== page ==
Tag Archives: oregon beer painting

Year of Beer Paintings – Day 250

The featured beer painting of the day is of Mirror Pond Pale Ale from Deschutes Brewing Company.  This is a great American Pale Ale!  If you are a hardworking American, who loves to relax by drinking a beer, but are not sure what to buy other than Budweiser, here is a great stepping stone to help you discover the craft beer world.  This is an easy drinking Pale Ale with a hop forward bite.  I would say APA is like an IPA with training wheels.  Approachable for someone who is used to corn and rice adjunct macro lager, but wants to start drinking something with better, more hand crafted flavor.  Yes, there are adjunct lagers made by craft brewers, but I am speaking about getting your taste buds a light workout.  Just because a beer is craft brewed doesn’t mean it is flavorful.  

This beer is enjoyable, and you can taste the Cascade hops in this one.  It has a nice malty backbone with Pale, NW Pale, Crystal and Carapils malts.  This beer was not created to blow anybody’s mind, but to be a great, easy-drinking beer for any occasion.  

Great work, Deschutes, and cheers to the Class of 88’!  

You can purchase this painting, or a limited-edition print at my Etsy shop.

View the complete Year of Beer Paintings gallery.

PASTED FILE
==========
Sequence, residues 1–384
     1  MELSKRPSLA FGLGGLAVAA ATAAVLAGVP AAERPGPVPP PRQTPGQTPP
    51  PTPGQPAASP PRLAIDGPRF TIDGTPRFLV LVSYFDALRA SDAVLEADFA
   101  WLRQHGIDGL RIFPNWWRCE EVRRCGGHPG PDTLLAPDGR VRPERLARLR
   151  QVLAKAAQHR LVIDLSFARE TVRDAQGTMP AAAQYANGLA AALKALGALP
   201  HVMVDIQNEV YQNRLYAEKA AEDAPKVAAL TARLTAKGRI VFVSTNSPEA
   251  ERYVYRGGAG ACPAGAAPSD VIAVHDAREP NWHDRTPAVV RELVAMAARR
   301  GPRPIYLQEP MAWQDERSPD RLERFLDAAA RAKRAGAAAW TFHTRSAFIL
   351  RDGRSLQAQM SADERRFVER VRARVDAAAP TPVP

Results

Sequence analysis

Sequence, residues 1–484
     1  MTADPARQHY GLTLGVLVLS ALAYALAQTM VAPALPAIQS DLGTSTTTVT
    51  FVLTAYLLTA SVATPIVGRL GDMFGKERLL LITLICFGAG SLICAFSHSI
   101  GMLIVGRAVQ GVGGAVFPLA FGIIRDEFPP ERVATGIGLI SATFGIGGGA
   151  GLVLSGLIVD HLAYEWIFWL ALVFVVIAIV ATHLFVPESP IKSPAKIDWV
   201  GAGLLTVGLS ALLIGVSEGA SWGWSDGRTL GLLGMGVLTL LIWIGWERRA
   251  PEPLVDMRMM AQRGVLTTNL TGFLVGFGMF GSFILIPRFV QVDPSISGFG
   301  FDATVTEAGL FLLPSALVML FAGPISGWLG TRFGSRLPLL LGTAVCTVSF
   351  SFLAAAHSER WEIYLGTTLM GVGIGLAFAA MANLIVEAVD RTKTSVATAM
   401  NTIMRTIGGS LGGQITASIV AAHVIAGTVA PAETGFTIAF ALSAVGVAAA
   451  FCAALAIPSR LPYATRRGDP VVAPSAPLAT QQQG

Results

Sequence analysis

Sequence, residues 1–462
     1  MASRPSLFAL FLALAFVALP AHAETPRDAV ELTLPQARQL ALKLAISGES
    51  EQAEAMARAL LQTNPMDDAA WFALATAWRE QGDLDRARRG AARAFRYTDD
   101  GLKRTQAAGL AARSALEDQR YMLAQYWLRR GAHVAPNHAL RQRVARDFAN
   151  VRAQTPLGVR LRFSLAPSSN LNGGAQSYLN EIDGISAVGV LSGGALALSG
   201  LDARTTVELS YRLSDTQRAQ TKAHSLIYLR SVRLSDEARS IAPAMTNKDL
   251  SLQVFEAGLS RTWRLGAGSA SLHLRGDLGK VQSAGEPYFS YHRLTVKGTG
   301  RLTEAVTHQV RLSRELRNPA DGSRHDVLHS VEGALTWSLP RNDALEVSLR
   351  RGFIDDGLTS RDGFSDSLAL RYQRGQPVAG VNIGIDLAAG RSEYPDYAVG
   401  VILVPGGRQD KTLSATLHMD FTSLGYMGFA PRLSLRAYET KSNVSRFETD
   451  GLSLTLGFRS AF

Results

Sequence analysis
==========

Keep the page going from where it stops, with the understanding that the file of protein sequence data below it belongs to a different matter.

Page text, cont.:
Beer Painting of Mirror Pond Pale Ale by Deschutes Brewing Year of Beer Paintings

Year of Beer 09.07. Mirror Pond Pale Ale by Deschutes Brewing Co. Oil on panel, 8″x10″.

 

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Year of Beer Paintings – Day 230

The featured beer painting of the day is of LTD Lager, recipe number 03 from Full Sail Brewing Company in Hood River, Oregon.  One of the sad things about drinking beer in the United States is that our macro brews suck.  In Germany the beer is boring, but spot on, clean and beautiful pilsner lager.  In the Czech Republic the beer has more bite, but is the same yellow fizzy beer as in Germany.  A good pilsner hits your palate way back on the end of your tongue, and it is the aftertaste that really notifies you that, “Hey, this beer doesn’t suck!”  When was the last time you had a Coors, or a Bud?  As it warms up, it tastes like old cereal.  When a good pilsner is served right at cellar temperature, it has this golden glow in the flavor and you feel like you truly are drinking a king of beers.  That is the sensation I had when I drank the LTD Lager 03.  I noticed that this beer has 2-row American malt in it, and Sterling hops, so it’s decidedly American.  In order to truly brew a bohemian pils you need Czech pilsner malt, and Saaz hops.  The lack of corn, or rice is why this beer is a great one.  Good job, Full Sail!  I painted kite boarders in the background of this painting, because Hood River is a popular place for kite boarding, and I bet this beer would taste great after a day on the Columbia River.